Randomised controlled trial with economic and process evaluations of domiciliary welfare rights advice for socioeconomically disadvantaged older people recruited via primary health care (the Do-Well study)
Haighton C., Moffatt S., Howel D., Steer M., Becker F., Bryant A., Lawson S., McColl E., Vale L., Milne E., Aspray T., White M.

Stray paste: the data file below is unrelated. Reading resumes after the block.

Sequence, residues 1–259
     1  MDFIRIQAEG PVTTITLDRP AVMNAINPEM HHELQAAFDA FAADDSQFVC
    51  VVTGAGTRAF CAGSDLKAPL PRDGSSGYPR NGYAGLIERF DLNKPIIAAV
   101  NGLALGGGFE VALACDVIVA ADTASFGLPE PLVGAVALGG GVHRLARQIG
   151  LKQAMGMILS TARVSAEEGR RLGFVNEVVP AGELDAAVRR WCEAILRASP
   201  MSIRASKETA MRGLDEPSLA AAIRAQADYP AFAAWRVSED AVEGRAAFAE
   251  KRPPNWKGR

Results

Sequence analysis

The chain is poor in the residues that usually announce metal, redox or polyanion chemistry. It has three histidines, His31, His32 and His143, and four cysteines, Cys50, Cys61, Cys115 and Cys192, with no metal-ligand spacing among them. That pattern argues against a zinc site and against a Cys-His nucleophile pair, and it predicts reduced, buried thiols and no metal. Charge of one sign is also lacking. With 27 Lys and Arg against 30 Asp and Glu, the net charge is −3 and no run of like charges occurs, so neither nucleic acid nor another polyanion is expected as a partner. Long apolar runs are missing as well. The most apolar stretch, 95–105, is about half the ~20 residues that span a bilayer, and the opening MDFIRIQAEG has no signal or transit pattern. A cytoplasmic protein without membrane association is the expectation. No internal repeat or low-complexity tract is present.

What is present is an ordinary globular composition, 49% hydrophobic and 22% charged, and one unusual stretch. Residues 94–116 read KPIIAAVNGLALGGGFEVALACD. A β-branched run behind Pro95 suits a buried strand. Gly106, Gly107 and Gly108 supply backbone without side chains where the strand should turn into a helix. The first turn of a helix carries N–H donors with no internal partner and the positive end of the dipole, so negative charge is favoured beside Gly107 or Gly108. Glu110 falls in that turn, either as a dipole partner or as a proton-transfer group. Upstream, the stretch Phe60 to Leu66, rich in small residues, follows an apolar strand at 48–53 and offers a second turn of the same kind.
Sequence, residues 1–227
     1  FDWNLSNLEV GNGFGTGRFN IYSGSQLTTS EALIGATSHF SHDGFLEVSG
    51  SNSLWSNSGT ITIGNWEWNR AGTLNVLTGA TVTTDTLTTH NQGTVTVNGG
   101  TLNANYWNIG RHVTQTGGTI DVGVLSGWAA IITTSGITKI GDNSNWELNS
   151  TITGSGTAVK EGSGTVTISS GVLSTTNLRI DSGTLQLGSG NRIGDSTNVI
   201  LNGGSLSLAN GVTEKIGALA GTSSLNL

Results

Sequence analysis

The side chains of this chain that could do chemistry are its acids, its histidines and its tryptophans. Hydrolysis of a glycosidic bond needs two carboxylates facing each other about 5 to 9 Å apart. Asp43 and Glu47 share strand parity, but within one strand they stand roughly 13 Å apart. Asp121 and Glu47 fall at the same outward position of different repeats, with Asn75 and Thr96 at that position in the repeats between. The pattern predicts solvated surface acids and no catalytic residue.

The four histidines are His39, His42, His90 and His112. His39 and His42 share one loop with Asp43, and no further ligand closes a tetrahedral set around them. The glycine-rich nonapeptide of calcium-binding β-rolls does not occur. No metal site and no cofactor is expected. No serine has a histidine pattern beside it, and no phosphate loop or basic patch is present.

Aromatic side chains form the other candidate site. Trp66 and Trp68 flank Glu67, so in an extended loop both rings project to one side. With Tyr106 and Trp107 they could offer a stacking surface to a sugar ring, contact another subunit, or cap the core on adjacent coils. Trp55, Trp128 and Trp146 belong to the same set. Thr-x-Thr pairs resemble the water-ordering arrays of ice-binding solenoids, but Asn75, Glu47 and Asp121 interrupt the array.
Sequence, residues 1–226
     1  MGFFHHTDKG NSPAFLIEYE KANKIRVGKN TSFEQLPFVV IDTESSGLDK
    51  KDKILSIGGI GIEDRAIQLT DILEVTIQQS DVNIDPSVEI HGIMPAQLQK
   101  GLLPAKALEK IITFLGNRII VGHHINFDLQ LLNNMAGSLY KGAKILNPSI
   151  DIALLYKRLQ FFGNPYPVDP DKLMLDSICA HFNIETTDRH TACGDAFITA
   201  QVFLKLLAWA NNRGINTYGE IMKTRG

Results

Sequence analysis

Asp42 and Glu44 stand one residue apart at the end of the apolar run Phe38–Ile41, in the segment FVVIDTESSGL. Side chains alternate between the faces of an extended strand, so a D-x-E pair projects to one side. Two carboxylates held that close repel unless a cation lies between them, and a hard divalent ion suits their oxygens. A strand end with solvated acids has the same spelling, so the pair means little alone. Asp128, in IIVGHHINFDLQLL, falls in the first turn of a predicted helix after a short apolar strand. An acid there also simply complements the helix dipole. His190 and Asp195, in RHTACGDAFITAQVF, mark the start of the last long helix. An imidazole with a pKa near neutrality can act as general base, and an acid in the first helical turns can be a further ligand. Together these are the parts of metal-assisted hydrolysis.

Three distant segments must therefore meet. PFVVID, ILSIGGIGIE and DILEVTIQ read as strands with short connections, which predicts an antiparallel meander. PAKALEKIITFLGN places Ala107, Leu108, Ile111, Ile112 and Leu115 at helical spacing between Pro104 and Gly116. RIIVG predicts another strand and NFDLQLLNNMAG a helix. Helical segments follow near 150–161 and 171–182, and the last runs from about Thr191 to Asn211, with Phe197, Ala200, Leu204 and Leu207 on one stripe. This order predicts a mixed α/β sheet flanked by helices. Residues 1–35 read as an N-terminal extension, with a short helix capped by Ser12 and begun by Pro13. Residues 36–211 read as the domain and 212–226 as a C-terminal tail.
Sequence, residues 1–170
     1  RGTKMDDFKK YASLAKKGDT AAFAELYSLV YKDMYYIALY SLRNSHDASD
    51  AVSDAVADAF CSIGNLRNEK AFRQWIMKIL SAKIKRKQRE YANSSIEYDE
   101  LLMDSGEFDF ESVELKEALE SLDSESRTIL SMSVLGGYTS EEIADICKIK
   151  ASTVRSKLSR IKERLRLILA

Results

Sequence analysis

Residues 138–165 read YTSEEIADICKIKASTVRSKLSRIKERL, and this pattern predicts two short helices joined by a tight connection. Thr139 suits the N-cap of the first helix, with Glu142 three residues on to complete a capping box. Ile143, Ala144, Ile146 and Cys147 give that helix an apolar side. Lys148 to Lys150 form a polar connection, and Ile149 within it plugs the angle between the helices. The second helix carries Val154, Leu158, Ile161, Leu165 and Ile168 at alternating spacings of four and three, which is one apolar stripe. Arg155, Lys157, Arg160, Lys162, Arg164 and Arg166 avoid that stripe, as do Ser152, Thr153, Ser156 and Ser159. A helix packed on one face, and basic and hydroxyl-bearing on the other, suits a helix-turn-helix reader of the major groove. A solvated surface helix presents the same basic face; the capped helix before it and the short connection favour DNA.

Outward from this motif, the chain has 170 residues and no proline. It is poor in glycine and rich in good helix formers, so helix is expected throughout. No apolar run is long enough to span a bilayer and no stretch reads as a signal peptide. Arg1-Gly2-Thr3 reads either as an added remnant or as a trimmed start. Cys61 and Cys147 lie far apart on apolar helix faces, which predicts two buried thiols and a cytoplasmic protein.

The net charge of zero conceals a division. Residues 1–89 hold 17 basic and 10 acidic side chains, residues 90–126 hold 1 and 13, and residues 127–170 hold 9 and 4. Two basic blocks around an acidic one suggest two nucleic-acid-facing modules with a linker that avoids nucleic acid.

<jats:sec id="abs1-1"> <jats:title>Background</jats:title> <jats:p>Welfare rights advice services are effective at maximising previously unclaimed welfare benefits, but their impact on health has not been evaluated.</jats:p> </jats:sec> <jats:sec id="abs1-2"> <jats:title>Objective</jats:title> <jats:p>To establish the acceptability, cost-effectiveness and effect on health of a domiciliary welfare rights advice service targeting older people, compared with usual practice.</jats:p> </jats:sec> <jats:sec id="abs1-3"> <jats:title>Design</jats:title> <jats:p>A pragmatic, individually randomised, parallel-group, single-blinded, wait-list controlled trial, with economic and process evaluations. Data were collected by interview at baseline and 24 months, and by self-completion questionnaire at 12 months. Qualitative interviews were undertaken with purposive samples of 50 trial participants and 17 professionals to explore the intervention’s acceptability and its perceived impacts.</jats:p> </jats:sec> <jats:sec id="abs1-4"> <jats:title>Setting</jats:title> <jats:p>Participants’ homes in North East England, UK.</jats:p> </jats:sec> <jats:sec id="abs1-5"> <jats:title>Participants</jats:title> <jats:p>A total of 755 volunteers aged ≥ 60 years, living in their own homes, fluent in English and not terminally ill, recruited from the registers of 17 general practices with an Index of Multiple Deprivation within the most deprived two-fifths of the distribution for England, and with no previous access to welfare rights advice services.</jats:p> </jats:sec> <jats:sec id="abs1-6"> <jats:title>Interventions</jats:title> <jats:p>Welfare rights advice, comprising face-to-face consultations, active assistance with benefit claims and follow-up as required until no longer needed, delivered in participants’ own homes by a qualified welfare rights advisor. Control group participants received usual care until the 24-month follow-up, after which they received the intervention.</jats:p> </jats:sec> <jats:sec id="abs1-7"> <jats:title>Main outcome measures</jats:title> <jats:p>The primary outcome was health-related quality of life (HRQoL), assessed using the CASP-19 (Control, Autonomy, Self-realisation and Pleasure) score. The secondary outcomes included general health status, health behaviours, independence and hours per week of care, mortality and changes in financial status.</jats:p> </jats:sec> <jats:sec id="abs1-8"> <jats:title>Results</jats:title> <jats:p>A total of 755 out of 3912 (19%) general practice patients agreed to participate and were randomised (intervention, <jats:italic>n</jats:italic> = 381; control, <jats:italic>n</jats:italic> = 374). In the intervention group, 335 participants (88%) received the intervention. A total of 605 (80%) participants completed the 12-month follow-up and 562 (75%) completed the 24-month follow-up. Only 84 (22%) intervention group participants were awarded additional benefits. There was no significant difference in CASP-19 score between the intervention and control groups at 24 months [adjusted mean difference 0.3, 95% confidence interval (CI) –0.8 to 1.5], but a significant increase in hours of home care per week in the intervention group (adjusted difference 26.3 hours/week, 95% CI 0.8 to 56.1 hours/week). Exploratory analyses found a weak positive correlation between CASP-19 score and the amount of time since receipt of the benefit (0.39, 95% CI 0.16 to 0.58). The qualitative data suggest that the intervention was acceptable and that receipt of additional benefits was perceived by participants and professionals as having had a positive impact on health and quality of life. The mean cost was £44 per participant, the incremental mean health gain was 0.009 quality-adjusted life-years (QALYs) (95% CI –0.038 to 0.055 QALYs) and the incremental cost-effectiveness ratio was £1914 per QALY gained.</jats:p> </jats:sec> <jats:sec id="abs1-9"> <jats:title>Conclusions</jats:title> <jats:p>The trial did not provide sufficient evidence to support domiciliary welfare rights advice as a means of promoting health among older people, but it yielded qualitative findings that suggest important impacts on HRQoL. The intervention needs to be better targeted to those most likely to benefit.</jats:p> </jats:sec> <jats:sec id="abs1-10"> <jats:title>Future work</jats:title> <jats:p>Further follow-up of the trial could identify whether or not outcomes diverge among intervention and control groups over time. Research is needed to better understand how to target welfare rights advice to those most in need.</jats:p> </jats:sec> <jats:sec id="abs1-11"> <jats:title>Trial registration</jats:title> <jats:p>Current Controlled Trials ISRCTN37380518.</jats:p> </jats:sec> <jats:sec id="abs1-12"> <jats:title>Funding</jats:title> <jats:p>This project was funded by the National Institute for Health Research (NIHR) Public Health Research programme and will be published in full in <jats:italic>Public Health Research</jats:italic>; Vol. 7, No. 3. See the NIHR Journals Library website for further project information. The authors also received a grant of £28,000 from the North East Strategic Health Authority in 2012 to cover the costs of intervention delivery and training as well as other non-research costs of the study.</jats:p> </jats:sec>